Seamless Connection of Digital World and Personal Mobility
IAV at CES 2018 in Las Vegas – demonstration vehicles featuring all sorts of new functions
Biometric authentication, driving with the iPad, parking at the press of a button, tomorrow’s garage processes – and all that with maximum data security. This was the whole line-up shown by an IAV demo vehicle during CES 2018. IAV’s show booth gave visitors the chance to experience new functions first-hand on a test drive – an opportunity that went down exceptionally well with experts and media representatives.
The face as the key to the vehicle: it was with this innovation that visitors to IAV’s booth in Las Vegas set out on their journey into the future of mobility. Anyone wanting to get into the demo vehicle needed no mechanical door opener nor any wireless system. Using an app from IAV, all it took was a smartphone to obtain access to the vehicle. “Within just a few meters from the car, the cell phone recognizes by Bluetooth that its owner is approaching the vehicle”, explains Carsten Rinka, Executive Vice President for Sales at IAV. “Our app then opens a window which the driver needs to look into. If face recognition confirms that he or she is authorized to access the vehicle, it is opened.” Besides access authorization, other functions can also be linked to the authentication process.
“For instance, this includes personal suspension settings or seat position, selection of a favorite radio station or a feel-good temperature”, Rinka says. “The vehicle directly adjusts to the identified driver, providing added convenience from the very outset.” And not only that: depending on the user identified, the system can also grant different authorizations. It could, for example, give the mailman permission to open the trunk and deposit a parcel there. It could also provide a garage employee with access to all relevant areas of the vehicle without being able to start the engine. Biometric authentication is also highly interesting to car-sharing providers and insurance companies because it can limit and monitor the group of persons with access authorization.
IAV developed face recognition in cooperation with FaceTec, its partner from Summerlin, Nevada. “FaceTec provided the biometric software that we used as the basis for developing our app”, Rinka says. “We are expecting that this solution will completely replace the vehicle key in future.” This is the way many visitors saw it in Las Vegas too: countless test drives during CES showed biometric authentication to be an extremely reliable and user-friendly solution for access control – this was also reflected in the positive feedback from experts and media representatives.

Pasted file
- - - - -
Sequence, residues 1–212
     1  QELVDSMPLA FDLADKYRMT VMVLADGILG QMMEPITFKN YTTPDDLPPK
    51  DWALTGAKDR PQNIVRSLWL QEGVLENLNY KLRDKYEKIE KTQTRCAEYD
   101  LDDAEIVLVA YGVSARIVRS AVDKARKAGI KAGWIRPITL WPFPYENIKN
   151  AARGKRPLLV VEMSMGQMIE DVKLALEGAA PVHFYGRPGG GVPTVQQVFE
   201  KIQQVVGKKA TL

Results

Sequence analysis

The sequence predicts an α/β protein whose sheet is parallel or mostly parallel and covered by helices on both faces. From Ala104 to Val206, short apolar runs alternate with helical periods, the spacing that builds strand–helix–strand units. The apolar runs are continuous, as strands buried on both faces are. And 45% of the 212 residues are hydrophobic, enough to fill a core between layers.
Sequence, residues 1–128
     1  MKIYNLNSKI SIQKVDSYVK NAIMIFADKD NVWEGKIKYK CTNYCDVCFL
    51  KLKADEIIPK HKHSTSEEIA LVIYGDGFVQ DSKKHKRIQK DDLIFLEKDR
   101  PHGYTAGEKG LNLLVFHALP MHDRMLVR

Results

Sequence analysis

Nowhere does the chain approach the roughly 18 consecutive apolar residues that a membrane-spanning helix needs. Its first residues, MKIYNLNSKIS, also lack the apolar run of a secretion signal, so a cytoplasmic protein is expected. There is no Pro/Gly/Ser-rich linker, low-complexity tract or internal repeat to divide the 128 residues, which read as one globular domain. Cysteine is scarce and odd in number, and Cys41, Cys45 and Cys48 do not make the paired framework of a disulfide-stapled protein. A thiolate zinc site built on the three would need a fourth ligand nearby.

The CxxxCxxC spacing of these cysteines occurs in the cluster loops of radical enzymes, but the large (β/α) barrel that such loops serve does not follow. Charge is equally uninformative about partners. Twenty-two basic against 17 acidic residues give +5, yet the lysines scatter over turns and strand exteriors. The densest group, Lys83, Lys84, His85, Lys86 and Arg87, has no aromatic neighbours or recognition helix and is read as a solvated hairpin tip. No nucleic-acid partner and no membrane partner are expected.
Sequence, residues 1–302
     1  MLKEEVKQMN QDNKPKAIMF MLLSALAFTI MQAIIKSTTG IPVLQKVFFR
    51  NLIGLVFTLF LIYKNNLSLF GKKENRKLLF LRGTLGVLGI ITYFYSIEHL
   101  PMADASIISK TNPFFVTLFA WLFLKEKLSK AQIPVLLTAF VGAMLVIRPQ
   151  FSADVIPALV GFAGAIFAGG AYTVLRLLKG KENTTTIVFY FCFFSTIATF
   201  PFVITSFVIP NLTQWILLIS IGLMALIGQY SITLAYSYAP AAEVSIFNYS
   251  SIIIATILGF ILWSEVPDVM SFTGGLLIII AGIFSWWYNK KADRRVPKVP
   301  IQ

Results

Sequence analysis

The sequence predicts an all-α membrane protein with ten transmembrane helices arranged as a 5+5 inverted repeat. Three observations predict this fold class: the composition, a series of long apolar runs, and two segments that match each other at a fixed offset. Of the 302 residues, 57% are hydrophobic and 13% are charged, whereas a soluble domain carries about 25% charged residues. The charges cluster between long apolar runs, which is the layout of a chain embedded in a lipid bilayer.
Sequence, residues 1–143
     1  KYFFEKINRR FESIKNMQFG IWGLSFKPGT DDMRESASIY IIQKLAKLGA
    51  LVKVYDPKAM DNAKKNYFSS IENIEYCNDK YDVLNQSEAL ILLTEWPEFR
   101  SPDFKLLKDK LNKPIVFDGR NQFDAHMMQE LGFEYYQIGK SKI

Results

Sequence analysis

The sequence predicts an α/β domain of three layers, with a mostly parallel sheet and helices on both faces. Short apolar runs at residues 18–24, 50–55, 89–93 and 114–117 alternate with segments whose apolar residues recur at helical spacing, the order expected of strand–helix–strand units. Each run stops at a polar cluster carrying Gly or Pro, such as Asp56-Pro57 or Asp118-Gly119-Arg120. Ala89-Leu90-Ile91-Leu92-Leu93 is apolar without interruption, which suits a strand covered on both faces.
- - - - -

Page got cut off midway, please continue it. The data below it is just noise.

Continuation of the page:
Security gateway for maximum data security
As soon as show visitors sat down in the IAV demo vehicle and started out on their drive over the course, they were provided with mobile internet via LTE – and therefore countless options for entertainment or communication. Yet the link with the outside world presents the developers with a number of challenges. “We need digital protective measures to achieve five key goals: integrity, authenticity, availability, confidentiality and the non-repudiation of data”, Rinka says. “This applies to data communicated within the vehicle as well as from the vehicle to its surroundings.”
Maximum data security in the CES demo vehicle was provided by the universal IAV Dragoon control unit. This security gateway was used to connect the car with the Internet of Things as well as the IAV Cloud. Integrated Wi-Fi, including the latest security standards, guaranteed security in any communication between the vehicle and its driving environment.
Show visitors themselves were also able to launch a hacker attack on the vehicle from a tablet and watch live how the “Security Defense Center” recorded the attack. They were detected using Karamba Carwall, security software from IAV’s partner Karamba Security, an Israel company specializing in automotive security. Without this protective mechanism, the control unit would have been compromised and would have crashed.
The Security Defense Center combines three focal aspects in one. The Monitoring Center provides permanent vehicle monitoring. Security flaws can be detected and evaluated in the Analysis Center. Software updates can be exported over the air through the Development Center.
Remote control: steering and parking by iPad
One of the functions accessible via Wi-Fi and mobile terminal device was “remote control”. This makes it possible to control the vehicle remotely from an iPad. “The display shows the user various symbols: a brake pedal and accelerator pedal are depicted on the left, providing the capability of braking and accelerating with the left thumb”, Rinka explains. “The right-hand side shows a steering wheel that can be operated by the right thumb. Further, there are buttons for selecting the gear mode P, R, N or D. The vehicle position is shown on a map.”
At the end of the drive with the IAV demo vehicle another technology surprise was waiting. With one finger-tip on a tablet the vehicle was parking itself completely automatically. The astonished visitor just had to watch the vehicle doing its job.